In the past week our politicians have chased after the Minnesota Vikings with more enthusiasm than a bunch of Target shoppers after Missoni bath towels. They've suggested every convoluted idea to raise funds short of freeing Tom Petters from prison.
Minneapolis Mayor R.T. Rybak got so excited over the prospect of keeping the Vikings in Minneapolis, in fact, that he forgot how to count to seven. Rybak and Council President Barb Johnson swore they had enough votes -- absolutely, positively -- to make a deal. That was until some nettlesome reporter actually asked the other council members.
The latest gambit to raise cash came when Gov. Mark Dayton put Legacy money on the table. You know, the massive fund dedicated to the state's wildlife, art and culture. Critics immediately jumped on Dayton's idea, saying the Vikings didn't fit the Legacy mission of supporting "art" or "culture."
Well, I've seen Merce Cunningham dance (creepy), and I've seen Adrian Peterson run, and I beg to differ. What Peterson performs is a form of ballet. Violent ballet, but ballet nonetheless.
The problem is not that the Vikings are not part of our state's vital heritage, it's that they don't know how to beg for money like a starving artist or environmentalist.
After all, can you really argue that Will Steger is more significant to the state's history than Bud Grant? Hardly. Yet, there he is, dragging his dogs through the list of projects being funded by taxpayers.
The Vikings don't need threats to move to L.A., they need grant-grubbing lingo. So here goes: a few real recipients of Legacy money (I'm not making this up), and a few suggestions on how the Vikings might learn from them and get in the game.
Actual Legacy project: "A Minnesota Hero: Preserving the Will Steger Story. To begin the initial inventory of explorer Will Steger's manuscripts collection." Funding amount: $7,000.
Vikings proposal: Minnesota Zeros: Preserving the Bernard Berrian and Bryant McKinnie Tweets. Grant would fund researchers to examine how new technology allowed prominent Minnesotans to ruin their careers in record time. Special attention would be given to subconscious comedic value of McKinnie's numerous tweets about eating ribs and going to strip joints while ballooning to 400 pounds, and Berrian's criticisms of a legless legislator and stadium supporter. Amount: $900,000.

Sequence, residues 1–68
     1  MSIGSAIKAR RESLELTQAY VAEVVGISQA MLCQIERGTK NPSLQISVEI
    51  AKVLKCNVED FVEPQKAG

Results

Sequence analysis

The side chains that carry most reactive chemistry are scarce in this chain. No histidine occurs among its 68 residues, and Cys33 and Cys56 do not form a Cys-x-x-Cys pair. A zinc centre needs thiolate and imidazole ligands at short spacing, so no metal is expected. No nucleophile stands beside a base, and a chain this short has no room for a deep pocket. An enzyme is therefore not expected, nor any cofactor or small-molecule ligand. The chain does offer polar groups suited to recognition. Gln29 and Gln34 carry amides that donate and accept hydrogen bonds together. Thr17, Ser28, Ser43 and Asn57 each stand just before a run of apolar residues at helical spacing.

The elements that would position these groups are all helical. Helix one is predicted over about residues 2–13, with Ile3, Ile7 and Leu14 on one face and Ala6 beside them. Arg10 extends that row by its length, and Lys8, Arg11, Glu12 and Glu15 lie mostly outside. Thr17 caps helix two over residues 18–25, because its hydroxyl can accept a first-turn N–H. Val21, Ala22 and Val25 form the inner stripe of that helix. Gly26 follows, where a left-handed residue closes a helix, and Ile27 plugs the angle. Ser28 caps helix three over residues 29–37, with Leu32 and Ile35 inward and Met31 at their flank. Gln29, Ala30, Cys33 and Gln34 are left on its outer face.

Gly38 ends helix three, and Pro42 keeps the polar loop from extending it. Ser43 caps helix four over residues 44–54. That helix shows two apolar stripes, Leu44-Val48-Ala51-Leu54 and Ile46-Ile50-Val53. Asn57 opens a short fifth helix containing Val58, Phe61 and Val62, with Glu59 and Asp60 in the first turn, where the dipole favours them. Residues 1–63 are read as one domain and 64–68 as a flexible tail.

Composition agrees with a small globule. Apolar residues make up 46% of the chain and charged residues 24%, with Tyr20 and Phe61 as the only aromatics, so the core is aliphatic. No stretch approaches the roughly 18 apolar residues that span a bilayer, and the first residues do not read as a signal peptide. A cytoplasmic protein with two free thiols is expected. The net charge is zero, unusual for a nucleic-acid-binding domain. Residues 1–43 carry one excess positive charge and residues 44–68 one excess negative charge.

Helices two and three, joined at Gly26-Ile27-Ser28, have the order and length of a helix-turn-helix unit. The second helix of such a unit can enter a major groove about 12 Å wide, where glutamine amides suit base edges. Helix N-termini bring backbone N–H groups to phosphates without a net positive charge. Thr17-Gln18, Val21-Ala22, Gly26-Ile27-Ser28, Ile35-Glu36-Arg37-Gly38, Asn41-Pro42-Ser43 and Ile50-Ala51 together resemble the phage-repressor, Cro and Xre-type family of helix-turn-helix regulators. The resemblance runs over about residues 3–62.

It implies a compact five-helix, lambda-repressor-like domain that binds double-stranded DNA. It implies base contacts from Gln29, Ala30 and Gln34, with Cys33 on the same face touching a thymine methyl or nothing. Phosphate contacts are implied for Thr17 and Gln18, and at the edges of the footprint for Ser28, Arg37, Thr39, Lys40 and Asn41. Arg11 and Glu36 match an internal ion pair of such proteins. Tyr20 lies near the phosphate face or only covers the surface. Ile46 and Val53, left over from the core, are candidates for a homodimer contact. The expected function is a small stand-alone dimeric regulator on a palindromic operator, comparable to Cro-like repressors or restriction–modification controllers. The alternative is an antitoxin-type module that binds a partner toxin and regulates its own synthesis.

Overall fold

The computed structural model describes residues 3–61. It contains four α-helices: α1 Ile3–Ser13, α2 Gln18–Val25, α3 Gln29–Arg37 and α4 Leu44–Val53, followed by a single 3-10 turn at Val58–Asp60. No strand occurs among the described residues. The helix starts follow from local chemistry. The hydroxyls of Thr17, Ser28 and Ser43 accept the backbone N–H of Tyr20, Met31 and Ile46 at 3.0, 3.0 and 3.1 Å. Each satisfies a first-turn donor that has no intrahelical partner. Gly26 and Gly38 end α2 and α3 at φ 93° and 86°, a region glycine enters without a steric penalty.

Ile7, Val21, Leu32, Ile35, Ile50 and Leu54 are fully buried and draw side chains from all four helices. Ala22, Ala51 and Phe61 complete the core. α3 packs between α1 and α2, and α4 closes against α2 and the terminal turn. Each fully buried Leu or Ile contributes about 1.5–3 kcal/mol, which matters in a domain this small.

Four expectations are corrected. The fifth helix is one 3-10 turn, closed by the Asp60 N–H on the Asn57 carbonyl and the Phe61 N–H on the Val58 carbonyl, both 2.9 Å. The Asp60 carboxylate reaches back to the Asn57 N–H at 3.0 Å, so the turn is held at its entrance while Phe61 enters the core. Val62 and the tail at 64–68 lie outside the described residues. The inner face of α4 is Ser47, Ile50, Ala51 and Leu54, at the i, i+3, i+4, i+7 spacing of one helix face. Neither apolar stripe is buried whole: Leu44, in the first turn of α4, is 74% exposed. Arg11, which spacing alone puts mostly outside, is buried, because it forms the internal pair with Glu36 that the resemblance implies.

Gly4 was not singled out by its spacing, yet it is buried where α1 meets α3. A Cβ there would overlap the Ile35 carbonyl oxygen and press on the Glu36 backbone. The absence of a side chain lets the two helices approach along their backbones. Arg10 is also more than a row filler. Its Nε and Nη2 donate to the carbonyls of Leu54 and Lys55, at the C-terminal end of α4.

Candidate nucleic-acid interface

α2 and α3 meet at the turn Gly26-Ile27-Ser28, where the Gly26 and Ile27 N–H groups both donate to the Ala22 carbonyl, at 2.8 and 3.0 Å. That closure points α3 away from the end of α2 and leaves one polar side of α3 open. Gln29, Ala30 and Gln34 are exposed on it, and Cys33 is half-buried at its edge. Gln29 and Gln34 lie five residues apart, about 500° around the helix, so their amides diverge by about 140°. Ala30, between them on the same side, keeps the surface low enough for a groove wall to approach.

Actual Legacy project: Textile Center of Minnesota, to create a touring exhibit "showcasing artistic excellence and innovation in fiber art." Amount: $38,000.
Vikings proposal: The Face IS the Medium; Game Day Face Painting as Folk Art. Grant would fund a traveling diorama of Viking fans in their gear, with video interviews of drunk patrons explaining their "concept" and "mission."
Actual Legacy project: "Great Tap for an Even Greater Minnesota will travel to greater Minnesota providing free tap dance education and low cost performance to communities underserved regarding arts performance/educational opportunities, [whew!] fitting into its mission to expand the boundaries of American tap dance."
Vikings proposal: Great Lap Dance for an Even Greater Minnesota. Money would pay financial experts to study the impact of professional football on the thriving downtown gentlemen's club scene, with special attention on how the lavish spending by players at said establishments keeps lap dance prices artificially low for average Minnesotans. Oh, especially the disadvantaged and disabled.
Actual Legacy project: Freshwater Society. This project will provide support for the 10th Annual Road Salt Symposium at the Minnesota Landscape Arboretum. Amount: $500.
Vikings proposal: Contextual Coincidences, Football and Crime from Carl Eller to Chris Cook. Fund would create an interactive museum of players' experiences in the criminal justice system. Curator: Minnesota Supreme Court Justice Alan Page. Exhibits would include a scale model of the Love Boat and the car used by Randy Moss to push a traffic officer. Museum would be housed inside a life-size model of a state-of-the-art football stadium, including actual playing field.
Amount: $1 billion.